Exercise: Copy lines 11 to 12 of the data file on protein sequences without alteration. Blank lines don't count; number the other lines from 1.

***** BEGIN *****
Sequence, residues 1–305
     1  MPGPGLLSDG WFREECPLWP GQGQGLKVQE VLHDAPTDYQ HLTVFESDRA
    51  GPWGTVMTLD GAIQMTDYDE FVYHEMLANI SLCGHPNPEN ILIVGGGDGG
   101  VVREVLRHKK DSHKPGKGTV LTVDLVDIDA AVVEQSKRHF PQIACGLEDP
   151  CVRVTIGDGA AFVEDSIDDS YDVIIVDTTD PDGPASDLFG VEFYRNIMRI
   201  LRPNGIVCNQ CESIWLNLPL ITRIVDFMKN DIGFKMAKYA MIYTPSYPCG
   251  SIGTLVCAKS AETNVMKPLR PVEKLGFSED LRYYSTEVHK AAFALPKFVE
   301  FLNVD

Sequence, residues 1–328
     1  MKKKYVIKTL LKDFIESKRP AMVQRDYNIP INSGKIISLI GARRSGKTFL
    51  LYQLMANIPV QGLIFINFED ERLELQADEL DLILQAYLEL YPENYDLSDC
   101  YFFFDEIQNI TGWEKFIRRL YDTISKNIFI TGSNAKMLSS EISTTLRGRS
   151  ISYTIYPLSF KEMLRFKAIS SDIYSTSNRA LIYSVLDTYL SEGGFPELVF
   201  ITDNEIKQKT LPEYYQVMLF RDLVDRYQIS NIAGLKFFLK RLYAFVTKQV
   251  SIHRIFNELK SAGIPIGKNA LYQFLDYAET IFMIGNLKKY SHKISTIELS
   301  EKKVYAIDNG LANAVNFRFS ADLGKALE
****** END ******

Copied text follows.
    51  LYQLMANIPV QGLIFINFED ERLELQADEL DLILQAYLEL YPENYDLSDC
   101  YFFFDEIQNI TGWEKFIRRL YDTISKNIFI TGSNAKMLSS EISTTLRGRS